# Electric potential, field and charge density problem check

• DaConfusion
In summary, the conversation is about finding electric potential and charge density in various scenarios. The first part involves finding the electric field using a previous answer and setting up the problem correctly. The second part involves finding the volume charge density in spherical coordinates, with different integrals needed for different regions due to varying charge distribution. The third question is seeking clarification on the use of different points for differentiation in the second part.
DaConfusion
https://www.physicsforums.com/attachment.php?attachmentid=8198&stc=1&d=1162609042
V – Electric potential

I drew the picture of basically a rod with end points a and –a on the x-axis with a point b that sits as well on the x positive axis.

Assuming that is correct, I then am asked to find the electric field using my previous answer on the same point. I did not partially derrive with respect to y or z for the j and k vector components because the original potential equation has no y or z variables which means 0.
https://www.physicsforums.com/attachment.php?attachmentid=8199&stc=1&d=1162609042

Please let me know if the problems are worked out correctly.

My next question is:

Finding the volume charge density in spherical coordinates bounded by:

https://www.physicsforums.com/attachment.php?attachmentid=8200&stc=1&d=1162609042

The formula was given by my teacher as he told us to use that in spherical charge denisty problems. He proved it through a tedious triple integral which I was not able to completely copy down.
The problem I am having is I thought I was correctly setting up the problem but when he was doing a similar problem today on magnetism i noticed his bounds resulted in having each integral with 2-3 parts. Like a to r plus r to 2a and etc. I do not understand.

DaConfusion said:
https://www.physicsforums.com/attachment.php?attachmentid=8198&stc=1&d=1162609042
V – Electric potential

I drew the picture of basically a rod with end points a and –a on the x-axis with a point b that sits as well on the x positive axis.

Assuming that is correct, I then am asked to find the electric field using my previous answer on the same point. I did not partially derrive with respect to y or z for the j and k vector components because the original potential equation has no y or z variables which means 0.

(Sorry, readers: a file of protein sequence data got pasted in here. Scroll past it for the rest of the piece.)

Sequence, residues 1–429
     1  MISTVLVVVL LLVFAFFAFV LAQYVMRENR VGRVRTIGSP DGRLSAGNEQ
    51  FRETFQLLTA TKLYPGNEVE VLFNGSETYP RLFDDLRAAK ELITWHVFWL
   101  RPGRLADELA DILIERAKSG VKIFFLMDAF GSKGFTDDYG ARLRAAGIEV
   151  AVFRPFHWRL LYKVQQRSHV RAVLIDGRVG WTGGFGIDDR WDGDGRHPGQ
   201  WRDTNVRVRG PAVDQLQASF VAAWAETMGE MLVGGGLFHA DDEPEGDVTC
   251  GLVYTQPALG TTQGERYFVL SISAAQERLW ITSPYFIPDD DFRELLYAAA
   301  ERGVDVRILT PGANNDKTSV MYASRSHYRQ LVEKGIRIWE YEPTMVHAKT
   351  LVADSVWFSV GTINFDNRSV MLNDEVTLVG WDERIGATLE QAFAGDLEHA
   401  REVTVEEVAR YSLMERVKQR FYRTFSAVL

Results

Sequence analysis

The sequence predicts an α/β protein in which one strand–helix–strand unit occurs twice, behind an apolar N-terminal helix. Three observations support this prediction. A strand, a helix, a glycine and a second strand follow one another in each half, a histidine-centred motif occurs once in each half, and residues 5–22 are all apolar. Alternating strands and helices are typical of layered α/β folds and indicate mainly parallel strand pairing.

https://www.physicsforums.com/attachment.php?attachmentid=8199&stc=1&d=1162609042

Please let me know if the problems are worked out correctly.

My next question is:

Finding the volume charge density in spherical coordinates bounded by:

https://www.physicsforums.com/attachment.php?attachmentid=8200&stc=1&d=1162609042

The formula was given by my teacher as he told us to use that in spherical charge denisty problems. He proved it through a tedious triple integral which I was not able to completely copy down.
The problem I am having is I thought I was correctly setting up the problem but when he was doing a similar problem today on magnetism i noticed his bounds resulted in having each integral with 2-3 parts. Like a to r plus r to 2a and etc. I do not understand.

none of the links work for me.

all that work is mine so please help, I typed it up on microsoft equation editor 3.0 then pasted into paintbrush and uploaded it as an image.

it's been a year since I've had e&m, but the first part looks ok. I'm kind of confused on the second part, because you're saying a is a variable. i thought a was a constant? i guess it doesn't really matter, because the general formula on the axis would be a---->x

the second one requires different integrals because the charge distribution is different for different regions. so, you'd need an integral for each of those regions to accurately calclulate stuff. i.e. 0->a, a->2a -- each region has a different density. make sense?

i had a rough time in e&m (even if i did get an A), so don't take my word as law.

I see, let me try and get more clarification on the 3rd question. As for the second, a was constant but I have to differentiate with respect to x for the i component. Would I use the source point or field? I considered a to be the source which is technically x so i showed that by differentiating with respect to a.

## What is electric potential?

Electric potential is the amount of potential energy per unit charge at a specific point in an electric field. It is measured in volts (V) and represents the work needed to move a unit charge from one point to another in an electric field.

## What is an electric field?

An electric field is a region in which electrically charged particles, such as electrons and protons, are affected by the force of electricity. It is created by the presence of electric charges and is measured in volts per meter (V/m).

## How is electric potential calculated?

Electric potential can be calculated by dividing the work done in moving a charge from one point to another by the amount of charge moved. It can also be calculated using the equation V = kQ/r, where V is the electric potential, k is the Coulomb's constant, Q is the charge, and r is the distance between the charges.

## What is charge density?

Charge density is the amount of electric charge per unit volume at a given point in an electric field. It is measured in coulombs per cubic meter (C/m3) and can be either positive or negative depending on the type of charge present.

## How can electric potential and field be used to solve problems?

Electric potential and field can be used to solve problems involving the movement of charges in an electric field, such as calculating the force exerted on a charge or determining the direction of the electric field. They are also important in understanding and designing electrical circuits and devices.

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